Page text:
Opinion Training

Daniel Dubois – inside the gym

Daniel Dubois
Action Images/Reuters/Peter Cziborra
In his own words Daniel Daniel reveals the attitude to training and boxing that has turned him into such a dangerous heavyweight

I’VE had good work from loads of different guys, loads of different guys I’ve sparred, Martin Bakole, he’s pretty known for sparring tough guys, I’ve sparred Frazer Clarke, I’ve sparred them all. They’ve all given me a little something to think about. I’m sure I have as well.

Usually I’ve got giants, monsters that I’m sparring, trying to kill me. It’s all good… Sometimes you have to go to war, sometimes you’re just learning.

Without [being on GB] I don’t think I would have been able to have the opportunity to spar Anthony Joshua and all these other guys, learn from that and kick start my career to the professional game.

I was a young kid, I wanted to prove myself do well and do well in the spars. That’s all I was thinking about. I didn’t know where it was going to lead to at some points.

It’s the experience of sharing the ring with him and having that on my resume… I’m glad I was able to have those moments, like winning those national junior ABA titles.

Daniel Dubois
Action Images/Reuters/Peter Cziborra

I do enjoy it. I love my time in the gym. Moments I’ve been working at since I was a little boy. When I have a bad day I’ll go away and really work on it to make sure I don’t have a bad day again. Bad days count just as much as the good times. Those are the moments when you really have to dig it out. Because you don’t appreciate the good times unless you’ve really come through hard times.

A bad day could be in sparring, getting your ass kicked in sparring, it’s not nice at all… I’ve taken a few licks in sparring but eventually I always come back. I dig it out and return the favour. It’s always fun. It’s a challenge but I’m glad. It can make you or break you, that situation.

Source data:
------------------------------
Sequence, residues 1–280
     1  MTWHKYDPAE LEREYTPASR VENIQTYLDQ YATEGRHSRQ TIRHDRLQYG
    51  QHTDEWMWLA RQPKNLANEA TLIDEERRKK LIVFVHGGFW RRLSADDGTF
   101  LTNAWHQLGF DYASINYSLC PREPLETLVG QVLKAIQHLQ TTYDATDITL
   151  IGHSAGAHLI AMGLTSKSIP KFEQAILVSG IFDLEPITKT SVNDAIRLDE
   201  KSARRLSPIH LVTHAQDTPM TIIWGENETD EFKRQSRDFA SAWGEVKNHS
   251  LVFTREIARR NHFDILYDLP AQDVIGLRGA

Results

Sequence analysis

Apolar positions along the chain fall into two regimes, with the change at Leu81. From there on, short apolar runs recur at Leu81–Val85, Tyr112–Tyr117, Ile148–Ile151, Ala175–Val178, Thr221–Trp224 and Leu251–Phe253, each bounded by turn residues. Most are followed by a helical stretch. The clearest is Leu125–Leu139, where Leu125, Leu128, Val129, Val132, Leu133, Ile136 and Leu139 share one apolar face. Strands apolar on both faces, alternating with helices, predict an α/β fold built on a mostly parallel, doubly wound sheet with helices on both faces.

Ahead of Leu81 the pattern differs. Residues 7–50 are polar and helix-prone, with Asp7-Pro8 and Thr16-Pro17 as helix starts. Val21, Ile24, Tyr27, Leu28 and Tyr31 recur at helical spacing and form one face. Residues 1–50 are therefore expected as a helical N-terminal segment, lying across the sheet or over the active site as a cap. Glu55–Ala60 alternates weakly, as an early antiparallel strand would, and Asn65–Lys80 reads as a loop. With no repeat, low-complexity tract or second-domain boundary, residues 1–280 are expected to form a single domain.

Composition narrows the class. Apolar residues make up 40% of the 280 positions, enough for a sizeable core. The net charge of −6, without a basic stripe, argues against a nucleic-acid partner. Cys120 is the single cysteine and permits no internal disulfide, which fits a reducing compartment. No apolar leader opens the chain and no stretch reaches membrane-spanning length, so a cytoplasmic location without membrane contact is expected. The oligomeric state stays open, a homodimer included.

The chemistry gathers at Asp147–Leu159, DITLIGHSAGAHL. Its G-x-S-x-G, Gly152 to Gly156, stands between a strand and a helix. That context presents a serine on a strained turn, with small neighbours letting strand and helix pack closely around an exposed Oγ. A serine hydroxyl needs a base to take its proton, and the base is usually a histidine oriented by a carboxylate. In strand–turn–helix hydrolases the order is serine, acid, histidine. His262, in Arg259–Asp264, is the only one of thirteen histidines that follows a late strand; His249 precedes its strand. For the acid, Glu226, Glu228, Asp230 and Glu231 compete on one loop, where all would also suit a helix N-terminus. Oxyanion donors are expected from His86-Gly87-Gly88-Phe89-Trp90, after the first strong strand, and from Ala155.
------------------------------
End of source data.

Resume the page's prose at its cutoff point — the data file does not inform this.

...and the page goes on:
You’ve got to learn. When you don’t even think you’ve got it in you, you’ve got to bring it out of you. That’s the best possible scenario sometimes, sink or swim. It can make you or break you. I feel like those situations, when you’re put into that sort of scenario you can really, really develop quickly and before you know it you’re unbeatable. Things happen like that.

It’s known as one of the hardest sports in the world for a reason. I can see that definitely now. From my own experience I’ve had to really, really work on killing myself in the gym.

Ultimately it’s all down to you, you being fit on the night. Some fighters don’t take training seriously. For a pro, it’s different from being an amateur. You don’t have to come to the gym, you can stay at home. You can be lazy. But ultimately you can’t be lazy in boxing. It’s a vicious sport. You have to be on top of it at all times.

[In terms of motivation] I don’t even think about it like that. It’s my life. Once you make it into a lifestyle every day, like going to the park for a walk, doing anything, it becomes normal, normal to push yourself or bring yourself close to the point of collapse. I enjoy it.

This is the second part of three part series. Read part one here

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